It’s interesting how Solomon’s people tend to prefer guile and manipulation (As per his first meeting with Lance half a season ago) versus Steel’s over-the-top frontal attacks. His battle with the monster in San Francisco does more damage to the city (And clearly far more casualties) than the Mutradi itself. Of course this has been there since the start, too: Solomon vs. Steel; Wisdom vs. Strength. Indeed, Solomon’s one real comment about the general was simply, “I knew he was stupid…”

They get some nice plot tension out of this, though they weren’t really able to play it up. I, myself, continued to suspect a double cross from Solomon simply because, hey, he might be on the side of the angels, but he’s still Machiavellian. And indeed pretty clearly there was at least one wheel within another in this ep: he was clearly giving a signal to the mysterious man behind the camera at one point. Why?

Once again: Clearly no sexual tension between Lance and Illana. Both of ’em are walking around in their underwear, completely unselfconscious. I mention this for those diehard shippers out there: These two don’t ship.

When the monsters land, they end up in San Francsico, Paris and - clearly - Beijing. The third monster clearly lands in the Olympic Stadium. It’s unmistakable. When the battle actually takes place, however, it appears to be in their old adopted home town in the ‘States. Odd.

So who was the mysterious man Solomon signaled deep in the bowels of the GGG helicarrier? Well, duh, it’s Lance’s long lost daddy. Has to be. Best buddies with The King. Who else would advanced (Even by their standards) Gallalunan technology, and be able to jump-start it? Probably recognized the king’s own fingerprints in the wiring so to speak. It has to be him. The whole point of the Solomon/Camera exchange may simply have been for the guy to identify his son before he went any further. Octus is dangerous. Might not want to give him to any flunky, but to protect his kid? Well, that’s motivation, isn’t it?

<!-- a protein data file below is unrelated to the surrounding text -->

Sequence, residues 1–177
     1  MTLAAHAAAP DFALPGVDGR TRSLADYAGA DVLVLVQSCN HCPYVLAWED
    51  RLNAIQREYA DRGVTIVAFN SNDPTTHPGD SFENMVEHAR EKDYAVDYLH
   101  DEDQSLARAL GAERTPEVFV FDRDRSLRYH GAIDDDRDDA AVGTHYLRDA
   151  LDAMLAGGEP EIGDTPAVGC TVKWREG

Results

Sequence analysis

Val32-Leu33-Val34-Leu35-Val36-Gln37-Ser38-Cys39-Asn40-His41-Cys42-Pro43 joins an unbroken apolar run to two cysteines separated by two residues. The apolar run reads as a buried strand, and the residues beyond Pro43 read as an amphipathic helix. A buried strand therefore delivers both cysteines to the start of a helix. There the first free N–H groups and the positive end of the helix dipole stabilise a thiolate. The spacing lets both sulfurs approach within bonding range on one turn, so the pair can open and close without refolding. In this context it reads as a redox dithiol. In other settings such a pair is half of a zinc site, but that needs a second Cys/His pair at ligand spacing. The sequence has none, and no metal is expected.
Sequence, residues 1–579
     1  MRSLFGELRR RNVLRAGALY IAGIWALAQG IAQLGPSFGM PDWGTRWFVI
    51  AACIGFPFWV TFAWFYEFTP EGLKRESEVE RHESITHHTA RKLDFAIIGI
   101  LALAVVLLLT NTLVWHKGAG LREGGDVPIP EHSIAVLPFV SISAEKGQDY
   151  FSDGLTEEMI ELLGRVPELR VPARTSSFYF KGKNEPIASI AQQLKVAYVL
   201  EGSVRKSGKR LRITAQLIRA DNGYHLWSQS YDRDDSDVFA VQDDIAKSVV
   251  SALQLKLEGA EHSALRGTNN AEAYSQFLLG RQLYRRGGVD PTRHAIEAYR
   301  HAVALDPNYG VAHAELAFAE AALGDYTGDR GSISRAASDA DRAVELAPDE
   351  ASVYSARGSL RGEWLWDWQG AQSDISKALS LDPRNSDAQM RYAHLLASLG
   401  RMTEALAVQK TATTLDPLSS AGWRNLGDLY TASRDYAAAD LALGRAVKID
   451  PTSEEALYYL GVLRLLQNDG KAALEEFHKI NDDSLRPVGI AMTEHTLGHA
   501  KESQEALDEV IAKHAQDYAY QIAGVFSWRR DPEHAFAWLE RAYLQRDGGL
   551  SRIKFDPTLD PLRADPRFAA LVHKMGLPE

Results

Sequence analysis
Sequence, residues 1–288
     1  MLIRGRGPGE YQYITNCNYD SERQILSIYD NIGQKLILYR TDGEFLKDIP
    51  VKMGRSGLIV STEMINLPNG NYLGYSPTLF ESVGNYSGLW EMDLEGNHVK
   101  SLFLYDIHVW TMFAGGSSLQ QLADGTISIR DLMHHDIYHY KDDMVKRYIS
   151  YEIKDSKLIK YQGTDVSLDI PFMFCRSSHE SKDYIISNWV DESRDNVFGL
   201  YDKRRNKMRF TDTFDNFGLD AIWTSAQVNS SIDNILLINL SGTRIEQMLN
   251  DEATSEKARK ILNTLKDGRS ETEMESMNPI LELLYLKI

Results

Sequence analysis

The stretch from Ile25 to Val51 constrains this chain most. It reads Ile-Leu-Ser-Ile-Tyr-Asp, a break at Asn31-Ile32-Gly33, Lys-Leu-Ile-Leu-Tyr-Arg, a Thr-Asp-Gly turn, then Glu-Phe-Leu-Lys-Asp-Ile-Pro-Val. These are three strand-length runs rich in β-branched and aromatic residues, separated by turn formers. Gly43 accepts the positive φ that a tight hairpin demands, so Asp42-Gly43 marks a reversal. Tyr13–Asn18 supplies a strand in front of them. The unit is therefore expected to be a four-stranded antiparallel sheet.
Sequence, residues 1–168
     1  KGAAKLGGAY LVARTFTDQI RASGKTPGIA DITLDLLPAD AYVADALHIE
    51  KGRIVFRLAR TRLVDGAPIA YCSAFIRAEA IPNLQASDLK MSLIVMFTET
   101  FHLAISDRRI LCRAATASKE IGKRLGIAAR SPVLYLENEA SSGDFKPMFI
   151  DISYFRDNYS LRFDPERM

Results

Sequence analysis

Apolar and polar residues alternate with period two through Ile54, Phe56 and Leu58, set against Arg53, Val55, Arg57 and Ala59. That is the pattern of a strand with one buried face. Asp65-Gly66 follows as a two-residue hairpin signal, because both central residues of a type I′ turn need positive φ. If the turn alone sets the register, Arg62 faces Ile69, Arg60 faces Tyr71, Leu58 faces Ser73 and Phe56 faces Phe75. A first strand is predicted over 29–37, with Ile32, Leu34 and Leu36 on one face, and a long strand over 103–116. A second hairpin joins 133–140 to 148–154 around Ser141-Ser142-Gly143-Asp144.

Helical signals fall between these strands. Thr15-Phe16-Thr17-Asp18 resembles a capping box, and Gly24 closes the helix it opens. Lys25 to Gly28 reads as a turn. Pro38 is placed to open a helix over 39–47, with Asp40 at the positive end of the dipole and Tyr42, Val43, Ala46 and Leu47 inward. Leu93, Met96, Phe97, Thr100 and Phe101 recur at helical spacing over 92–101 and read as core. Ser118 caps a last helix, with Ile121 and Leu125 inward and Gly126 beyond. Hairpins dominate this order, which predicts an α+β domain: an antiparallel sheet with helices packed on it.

Sadly, there’s not much left to do apart from speculation. My predictions for the abortive season 2:
- Lance would have been reunited with his father.
- Octus’ mysterious origins would have been revealed, probably in more flashback episodes
- Illana finally would have gotten a character arc
- Octus would let Kimmy in on his secret, or she’d figure it out herself. She wouldn’t care much.
- We’d see the emergence of a more formal alliance between 3G and Team Titan and Lance’s Dad, united against the Mutradi.
- We’d find out how the Mutradi leader guy lost his eyes, and how he went insane, again, presumably in a flashback episode, possibly tied to the Illana ones above.
- Probably a spring break episode in there somewhere
- The Mutradi would probably decide to simply invade earth, rather than continue piecemeal attacks as they’ve been doing, in which case the MiR/Titan/Dad alliance would be all that stands in their way.

All, as I say, mere speculation. Alas, there’s nothing sadder than a fragmentary story, excepting, possibly, a really *good* fragmentary story, abandoned in its stride. Hopefully someday I’ll get to interview Mr. Tartakovsky and find answers to some of these.


Probably not. The Army (by way of Steel) is portrayed in complete whack-a-mole violent psychopath mode, and while they go to some small lengths to distinguish between General Jack D. Ripper here, and the average grunts and pilots, that’s probably not going to be enough for most of us. If we can take it in the spirit with which it was intended, however - a ripping good yarn in a larger fight for the liberation of an occupied world, getting caught up in intercine politics here on earth - then this isn’t damning at all. I say watch it.